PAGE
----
I think peoples comments about reefing ealier with a furler are true, but the one disadvantage is sail shape. This is not such an issue if you get a good sail maker to make you a nice No 2 but usually the problem is that people have overloaded cruising type yachts that require the extra grunt of the Genoa. Trying to furl that and maintain a good shape - impossible! Our yacht is well ballanced and is easily driven without the need for large sail areas, therefore a furler works well for us. Our inner forestay can easily be installed for a storm sail, which is hanked on. We also pack a Code 0 on a permanant prodder for really light conditions and can still make 5 knots in 10 knots of breeze. It would have to be near to the perfect set up for short handed sailing, having a sail that can be easily deployed for any condition.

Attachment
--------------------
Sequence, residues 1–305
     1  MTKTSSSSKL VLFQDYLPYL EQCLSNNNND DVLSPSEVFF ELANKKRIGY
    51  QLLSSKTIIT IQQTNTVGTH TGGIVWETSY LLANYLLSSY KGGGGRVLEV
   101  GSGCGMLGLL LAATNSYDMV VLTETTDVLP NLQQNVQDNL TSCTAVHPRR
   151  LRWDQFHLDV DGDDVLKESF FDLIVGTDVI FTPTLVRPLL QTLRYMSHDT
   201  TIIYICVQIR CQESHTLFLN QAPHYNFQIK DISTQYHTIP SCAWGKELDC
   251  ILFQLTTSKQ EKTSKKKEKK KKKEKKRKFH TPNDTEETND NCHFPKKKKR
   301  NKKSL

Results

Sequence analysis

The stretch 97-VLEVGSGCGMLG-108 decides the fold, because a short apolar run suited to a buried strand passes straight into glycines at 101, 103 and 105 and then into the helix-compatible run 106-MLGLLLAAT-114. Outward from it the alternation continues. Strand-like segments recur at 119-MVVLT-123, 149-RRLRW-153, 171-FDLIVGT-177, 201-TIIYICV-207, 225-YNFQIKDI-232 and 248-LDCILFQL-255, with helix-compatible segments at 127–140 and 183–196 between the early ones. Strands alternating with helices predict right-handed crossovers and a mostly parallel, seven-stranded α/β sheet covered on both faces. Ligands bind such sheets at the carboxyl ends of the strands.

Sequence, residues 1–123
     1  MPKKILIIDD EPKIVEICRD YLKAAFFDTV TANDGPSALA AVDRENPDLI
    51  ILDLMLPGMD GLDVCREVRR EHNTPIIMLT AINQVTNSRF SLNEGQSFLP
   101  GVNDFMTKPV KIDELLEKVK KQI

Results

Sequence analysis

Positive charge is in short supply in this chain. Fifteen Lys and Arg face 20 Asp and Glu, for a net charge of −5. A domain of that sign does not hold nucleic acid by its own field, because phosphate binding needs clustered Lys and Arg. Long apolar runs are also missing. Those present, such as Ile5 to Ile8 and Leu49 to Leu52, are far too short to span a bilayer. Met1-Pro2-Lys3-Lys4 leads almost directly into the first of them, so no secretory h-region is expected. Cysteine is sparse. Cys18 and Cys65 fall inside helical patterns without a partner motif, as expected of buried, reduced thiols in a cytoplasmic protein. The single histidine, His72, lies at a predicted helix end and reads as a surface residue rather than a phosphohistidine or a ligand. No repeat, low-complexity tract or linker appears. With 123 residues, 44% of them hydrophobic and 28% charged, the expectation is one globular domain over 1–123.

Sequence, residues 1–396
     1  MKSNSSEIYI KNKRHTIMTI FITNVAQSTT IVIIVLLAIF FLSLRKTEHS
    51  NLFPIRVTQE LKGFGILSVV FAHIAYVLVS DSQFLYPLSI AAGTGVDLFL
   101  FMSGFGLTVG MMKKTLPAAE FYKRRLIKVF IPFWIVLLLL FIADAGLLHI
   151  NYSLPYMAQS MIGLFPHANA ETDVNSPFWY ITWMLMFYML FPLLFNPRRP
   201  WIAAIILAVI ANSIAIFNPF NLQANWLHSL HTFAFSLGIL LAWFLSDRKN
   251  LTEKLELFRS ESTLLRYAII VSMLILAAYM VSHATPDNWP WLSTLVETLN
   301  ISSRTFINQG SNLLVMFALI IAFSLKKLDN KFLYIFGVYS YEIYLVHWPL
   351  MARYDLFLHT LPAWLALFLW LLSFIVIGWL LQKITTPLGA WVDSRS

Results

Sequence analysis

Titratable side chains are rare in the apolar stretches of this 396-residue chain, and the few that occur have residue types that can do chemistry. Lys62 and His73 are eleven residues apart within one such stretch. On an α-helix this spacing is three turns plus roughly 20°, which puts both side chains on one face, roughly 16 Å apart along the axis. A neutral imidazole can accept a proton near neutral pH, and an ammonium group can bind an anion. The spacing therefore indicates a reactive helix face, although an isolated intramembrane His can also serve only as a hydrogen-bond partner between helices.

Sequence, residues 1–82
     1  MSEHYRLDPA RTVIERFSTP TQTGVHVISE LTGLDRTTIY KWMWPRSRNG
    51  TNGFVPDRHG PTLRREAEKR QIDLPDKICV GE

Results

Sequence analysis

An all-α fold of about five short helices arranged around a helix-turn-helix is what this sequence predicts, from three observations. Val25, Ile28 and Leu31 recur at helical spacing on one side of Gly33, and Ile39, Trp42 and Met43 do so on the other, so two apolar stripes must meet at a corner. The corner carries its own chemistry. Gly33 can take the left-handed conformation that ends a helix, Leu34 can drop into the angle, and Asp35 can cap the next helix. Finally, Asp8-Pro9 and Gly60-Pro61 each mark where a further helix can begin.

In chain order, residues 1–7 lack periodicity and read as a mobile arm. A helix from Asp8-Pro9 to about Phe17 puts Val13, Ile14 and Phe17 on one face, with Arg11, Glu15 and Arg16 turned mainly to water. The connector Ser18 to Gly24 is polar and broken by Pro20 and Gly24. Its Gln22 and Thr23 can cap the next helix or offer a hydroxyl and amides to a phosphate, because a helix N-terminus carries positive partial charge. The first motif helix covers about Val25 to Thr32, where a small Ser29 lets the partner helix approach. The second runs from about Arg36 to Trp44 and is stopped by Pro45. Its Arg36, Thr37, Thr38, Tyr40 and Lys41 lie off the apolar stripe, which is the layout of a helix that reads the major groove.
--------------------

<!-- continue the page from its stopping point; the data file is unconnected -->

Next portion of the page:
The dissadvantage for hanked on sails is storage room for 4 or 5 head sails. That's is valuable room for cruising storage!
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Old 30-03-2007, 02:24   #20
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Originally Posted by cal40john
... My furler has a hole in the drum to put a pin or a hook to lock it independent of the line ...
To which I'd add:
The safety locking pin should be tethered to the forestay, so it's always ready for imediate insertion.
Gord May
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Old 12-07-2015, 11:53   #21
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Re: Furler in a Gale